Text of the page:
Whether you agree or disagree with Trump or his policies, it is a fact that his victory was a victory of ordinary people fed up with the rich elites in both parties. It was a victory of the forgotten rural poor, the struggling middle class, and the working class fed up with the vested interests shipping their jobs to Mexico and China.

The vested interests lost.

Anonymous said...

Speaking of Trump against the vested interests, the TPP trade deal is now officially dead.

'President Trump Kills TPP Once and for All with Executive Order Officially Withdrawing'

"As President Trump signed the executive action killing the TPP, he announced for the cameras in the oval office that it was a “great thing for the American worker, what we just did.”"

A lot of crass vested interests, namely Wall Street, bankers, and global corporations, will not be happy. American workers will be.

Father Ron said...

"A lot of crass vested interests, namely Wall Street, bankers, and global corporations, will not be happy. American workers will be." - Shawn -

The proof of the pudding will surely be in the eating, Shawn. Let's just wait and see what ACTUALLY happens with the Trump Presidency. One can hope for an improvement in the life of the workers in the U.S., but surely, you cannot believe that the Trump empire will suffer in the process. I think the 'decadent' academics of the West (your term) will have sussed that out in Econ9omics 101.

Dear Peter. I, too, have sung that song - "Give me Joy in my heart" - for a long time. It has a very Franciscan flavour. I think a blend of the Catholic and the Charismatic in worship is the most satisfying. "Where the Spirit of the Lord is, there is freedom".

Anonymous said...

" Let's just wait and see what ACTUALLY happens with the Trump Presidency."

We can already see results Ron. The Carrier deal that he negotiated saved a thousand jobs for Rustbelt workers, and several other corporations, frightened by his willingness to name and shame them, have changed their plans and will be investing money and jobs in the US instead of Mexico. Along with killing the TPP this is reasonable evidence that his Presidency will be good for workers.

"but surely, you cannot believe that the Trump empire will suffer in the process."

Why should it? Doing good for American workers does not require his personal business to suffer. As President he won't be running it anyway, and there is zero evidence that he will profit from any policies he has advocated.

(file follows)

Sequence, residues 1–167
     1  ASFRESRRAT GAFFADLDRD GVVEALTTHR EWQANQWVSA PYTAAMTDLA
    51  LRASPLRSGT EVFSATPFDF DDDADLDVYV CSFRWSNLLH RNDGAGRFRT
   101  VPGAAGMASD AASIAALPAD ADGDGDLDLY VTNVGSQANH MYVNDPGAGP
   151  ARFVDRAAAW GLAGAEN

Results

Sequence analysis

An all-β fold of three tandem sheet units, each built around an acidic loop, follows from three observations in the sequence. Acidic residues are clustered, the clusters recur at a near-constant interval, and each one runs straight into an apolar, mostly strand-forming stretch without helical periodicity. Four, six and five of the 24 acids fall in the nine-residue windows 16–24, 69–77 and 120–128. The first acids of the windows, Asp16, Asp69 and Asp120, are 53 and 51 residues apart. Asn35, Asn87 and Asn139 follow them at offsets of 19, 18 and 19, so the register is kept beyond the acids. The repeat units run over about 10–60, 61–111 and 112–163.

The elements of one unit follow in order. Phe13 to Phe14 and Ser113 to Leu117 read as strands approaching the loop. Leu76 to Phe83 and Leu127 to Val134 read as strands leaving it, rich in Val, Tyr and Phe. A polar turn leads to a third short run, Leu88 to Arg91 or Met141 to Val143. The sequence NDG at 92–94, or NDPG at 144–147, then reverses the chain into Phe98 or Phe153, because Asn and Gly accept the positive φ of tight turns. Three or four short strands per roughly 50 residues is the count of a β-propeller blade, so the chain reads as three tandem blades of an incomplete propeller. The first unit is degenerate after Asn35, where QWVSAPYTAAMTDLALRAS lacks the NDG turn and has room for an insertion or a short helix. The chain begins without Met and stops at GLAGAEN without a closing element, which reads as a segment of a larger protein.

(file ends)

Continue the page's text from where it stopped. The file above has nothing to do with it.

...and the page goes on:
Anonymous said...


"President Donald Trump signed five executive actions Tuesday, moving forward the process to build the Keystone XL and Dakota Access oil pipelines, pushing for the companies to use pipes manufactured in the United States."

"AFL-CIO president Richard Trumka praised GOP President Donald Trump’s decision to withdraw from the Trans Pacific Partnership once and for all on Monday with an executive order officially killing the Pacific Rim trade deal."

He also won praise from the president of the Teamsters Union. Both the AFL-CIO and the Teamsters unions are usually pro-Democrat.

"The CEO of Ford Motor Company, Mark Fields, praised Donald Trump for working to restore American manufacturing after his meeting at the White House with top auto executives on Tuesday morning.

“I think as an industry, we’re excited about working together with the president and his administration on tax policies, on regulation, and on trade to really create a renaissance in American manufacturing,” Fields told reporters after the meeting, according to the Detroit News."

Andrei said...

This is beyond satire in our "post truth world"

The man has been in Parliament longer than most New Zealanders have been alive, 37 years and achieved what?

Andrei said...

Oh dear I was guilty of a post truth statement in my last comment when I said the Hon P. Dunne has been in Parliament longer than most New Zealanders have been alive

The median age for New Zealanders is 38.0 years so mathematically speaking more New Zealanders were born before the Hon P. Dunne entered parliament than after

It is close to half though that were not born yet

Peter Carrell said...

Perhaps Andrei this is an instance of the phenomenon where it feels like someone has been doing X for longer than any of us has lived :)

Anonymous said...

"37 years and achieved what?"

He has achieved a great deal. First, there is....ummmm... I'm sure there is something.... wait.....nope, it's not coming to me.

Dunne's career has been about switching sides whenever it was convenient, and by convenient I mean when he could get a ministerial office and perks, and changing his opinions whenever that was convenient, for the same reason. His claim to believe in "reason" and "common sense" is a cover for the truth that he believes in nothing at all, other than keeping himself in Parliament.

He once brought a group of conservative Christians into his party and campaigned on a pro-family platform, then promptly dumped them and the platform when Labour offered him a job in return for his vote.

I did have a good laugh at the "open letter to Donald Trump" bit though. That was priceless. Does he seriously think Trump is going to read it? Or that he would care one bit about what Dunne thinks? I'm going to go out on a limb and say no to both.

BrianR said...

I knew Peter Dunne a little bit in the 70s in gatherings of the 'Young Christian Students' (YCS), an off-shoot of 'Young Christian Workers', a Catholic group founded by Belgian Cardinal Cardijn as a counter to socialism and communism in the 1930s. The YCS then was going decidedly leftwing and enthralled by Marxist rubbish from Brzail (Paulo Freire and 'conscientization'). We knew of Peter's political ambitions back then, as a postgrad student. He had always allied himself with the right of the Labour Party in the days when Labour (like the Democrats in the US) was still pro-life and happily appealed to the Irish Catholic working class. It doesn't look like the Cardijn vision has fared well. But Peter's still there. Life goes on - until it doesn't.

BrianR said...

Well, Shawn - it had never occurred to me before that the Honourable Member for Ohariu is also the Vicar of Bray! But give him his due: no one has done more for the cause of bow ties.